A game-changing new venture is reinventing the original music composition model for agencies, brands and composers.
Revolutionising the original music model for agencies, brands and composers alike, expat Englishman Matt Hayward has devised an online service that connects award-winning screen composers with creative agencies and brands around the world, simplifying the scoring and licensing process.
Streamlining the entire process of scoring original music, AdMusic invites agencies to submit musical briefs online before opening them up to the service’s roster of professional screen composers around the world.
From there, AdMusic guarantees to deliver a minimum of three free demos, although on average they will supply agencies with eight to 12, all with a choice of three simple worldwide licences.
“The industry has changed radically over the past five years, and shrinking budgets have determined to a large degree the way we now do business,” Hayward said.
“With multiple award-winning screen composers at our fingertips who are happy to pitch for work, and agencies and their clients looking to have original music scored on tighter budgets, we’ve simply moved the business online, and in doing so, have removed two of the primary overheads associated with running a traditional music company, namely real estate and full-time support staff.
“This in turn has allowed us to eliminate the main barrier to having original music scored on a tight budget, which is cost.”
For agencies and brands, the entire process has been boiled down to a simple three-step process. Firstly, agencies are invited to upload their brief online before it’s delivered to AdMusic’s handpicked team of professional screen composers.
AdMusic will then deliver a minimum of three free demos from its composers within 48 hours. There’s no obligation to use or license any of the demos, but if one is selected, the agency then picks from three simple licenses before, if required, revising and finalising the track.
Each license includes the costs of the required revisions and guarantees worldwide usage, with full usage of the original score in perpetuity costing as little as $12,000.
|$3,000||Online Only||12 months|
|$6,000||Any Media||12 months|
|$12,000||All Media Plus||Perpetuity|
Hayward and his team have created a platform that makes it possible for brands and agencies to own an original composition but on a budget that’s competitive to a library track.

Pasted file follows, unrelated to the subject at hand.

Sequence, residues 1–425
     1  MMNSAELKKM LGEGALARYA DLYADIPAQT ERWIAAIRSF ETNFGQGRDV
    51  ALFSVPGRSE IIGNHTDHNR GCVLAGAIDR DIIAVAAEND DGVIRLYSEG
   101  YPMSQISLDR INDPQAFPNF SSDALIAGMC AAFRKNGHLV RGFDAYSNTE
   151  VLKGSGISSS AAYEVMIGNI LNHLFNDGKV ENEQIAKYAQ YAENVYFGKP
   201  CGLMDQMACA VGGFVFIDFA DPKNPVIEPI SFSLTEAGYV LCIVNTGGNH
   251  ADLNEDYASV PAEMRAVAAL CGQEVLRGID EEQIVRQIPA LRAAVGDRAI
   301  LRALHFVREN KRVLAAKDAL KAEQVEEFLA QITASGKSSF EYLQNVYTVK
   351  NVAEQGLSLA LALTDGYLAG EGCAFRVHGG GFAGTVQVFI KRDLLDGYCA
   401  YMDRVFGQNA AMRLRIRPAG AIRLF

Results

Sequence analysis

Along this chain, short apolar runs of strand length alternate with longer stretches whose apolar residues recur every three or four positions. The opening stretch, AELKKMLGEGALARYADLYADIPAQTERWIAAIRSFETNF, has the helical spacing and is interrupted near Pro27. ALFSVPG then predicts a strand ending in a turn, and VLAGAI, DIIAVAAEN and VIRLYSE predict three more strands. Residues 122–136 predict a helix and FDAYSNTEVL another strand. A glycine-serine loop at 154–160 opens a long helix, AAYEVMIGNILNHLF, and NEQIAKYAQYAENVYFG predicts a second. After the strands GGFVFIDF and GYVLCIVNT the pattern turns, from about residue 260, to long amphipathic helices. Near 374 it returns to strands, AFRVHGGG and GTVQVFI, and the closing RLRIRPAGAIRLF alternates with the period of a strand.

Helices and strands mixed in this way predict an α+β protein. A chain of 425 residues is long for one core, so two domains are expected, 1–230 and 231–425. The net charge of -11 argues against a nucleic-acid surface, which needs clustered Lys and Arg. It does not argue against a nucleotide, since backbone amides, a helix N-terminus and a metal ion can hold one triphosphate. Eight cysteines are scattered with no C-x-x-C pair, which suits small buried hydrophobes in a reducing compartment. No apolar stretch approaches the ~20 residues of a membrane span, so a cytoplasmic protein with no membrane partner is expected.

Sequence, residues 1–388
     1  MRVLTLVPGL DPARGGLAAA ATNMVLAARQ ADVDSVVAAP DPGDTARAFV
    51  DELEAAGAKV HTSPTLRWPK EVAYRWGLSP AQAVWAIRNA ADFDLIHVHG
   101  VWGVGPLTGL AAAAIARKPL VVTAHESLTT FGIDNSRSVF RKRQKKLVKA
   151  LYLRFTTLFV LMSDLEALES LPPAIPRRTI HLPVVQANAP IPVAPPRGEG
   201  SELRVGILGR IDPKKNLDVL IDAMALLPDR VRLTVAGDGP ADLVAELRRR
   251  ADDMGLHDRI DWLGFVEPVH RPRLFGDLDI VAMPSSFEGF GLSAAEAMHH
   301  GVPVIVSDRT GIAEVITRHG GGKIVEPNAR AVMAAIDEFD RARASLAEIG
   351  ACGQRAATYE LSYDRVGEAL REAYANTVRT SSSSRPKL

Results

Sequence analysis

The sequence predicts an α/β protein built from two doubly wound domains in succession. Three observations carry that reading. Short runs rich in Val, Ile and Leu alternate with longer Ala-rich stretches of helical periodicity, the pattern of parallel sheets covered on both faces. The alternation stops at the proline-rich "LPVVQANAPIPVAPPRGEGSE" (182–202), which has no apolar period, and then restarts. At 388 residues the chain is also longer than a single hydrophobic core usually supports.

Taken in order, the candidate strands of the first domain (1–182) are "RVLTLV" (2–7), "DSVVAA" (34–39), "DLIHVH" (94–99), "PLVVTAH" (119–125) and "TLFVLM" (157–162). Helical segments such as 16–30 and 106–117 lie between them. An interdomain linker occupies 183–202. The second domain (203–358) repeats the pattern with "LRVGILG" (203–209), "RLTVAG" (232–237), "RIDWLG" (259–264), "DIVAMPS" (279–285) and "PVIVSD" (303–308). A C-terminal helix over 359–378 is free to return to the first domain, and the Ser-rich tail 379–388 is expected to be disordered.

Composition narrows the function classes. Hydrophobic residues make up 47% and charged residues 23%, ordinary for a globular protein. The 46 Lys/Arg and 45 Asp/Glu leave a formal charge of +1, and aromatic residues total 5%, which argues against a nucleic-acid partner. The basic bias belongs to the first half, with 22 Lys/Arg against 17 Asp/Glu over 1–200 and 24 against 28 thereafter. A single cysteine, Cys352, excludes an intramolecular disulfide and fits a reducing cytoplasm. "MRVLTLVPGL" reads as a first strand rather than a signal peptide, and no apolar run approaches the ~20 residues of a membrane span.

“In recent years, brands have been spending less on big brand TVCs and increasingly more on multiple content productions with much smaller budgets, usually for use across multiple channels,” he said.
“Just because your music budget is tight, it doesn’t mean you should have to settle for library music. In our opinion, scored music raises the creative bar 99 per cent of the time on projects where music is required.”
Instead of syncing a library track, agencies can now have exclusive use of an original composition for worldwide usage for 12 months, or forever in the case of AdMusic’s All Media Plus licence, with no rollovers, no repeat fees and no ongoing administration costs.
For the composers on AdMusic’s roster, there’s no obligation to respond to any brief. They’re able to remain entirely anonymous, allowing them to continue working their day job or, in the case of many freelancers, continue to market their own brand whilst pitching for AdMusic briefs – earning 60 per cent of the fee and retaining 100 per cent of the publishing.
Whether it’s for the agency, the brand, or the composer, the demand for a more convenient and affordable process – with a more equitable payment structure for composers – is the disruptive service’s long-term goal.
“This is a new model and accordingly we expect that it’ll pivot over the course of the next couple of years as the industry continues to morph and as we receive feedback from both agencies and composers alike,” Hayward said.
“However, what will never change is our core belief that original music composition, or rather the craft of scoring music to picture, is an essential element in bringing any film that requires music to life, no matter what the format.”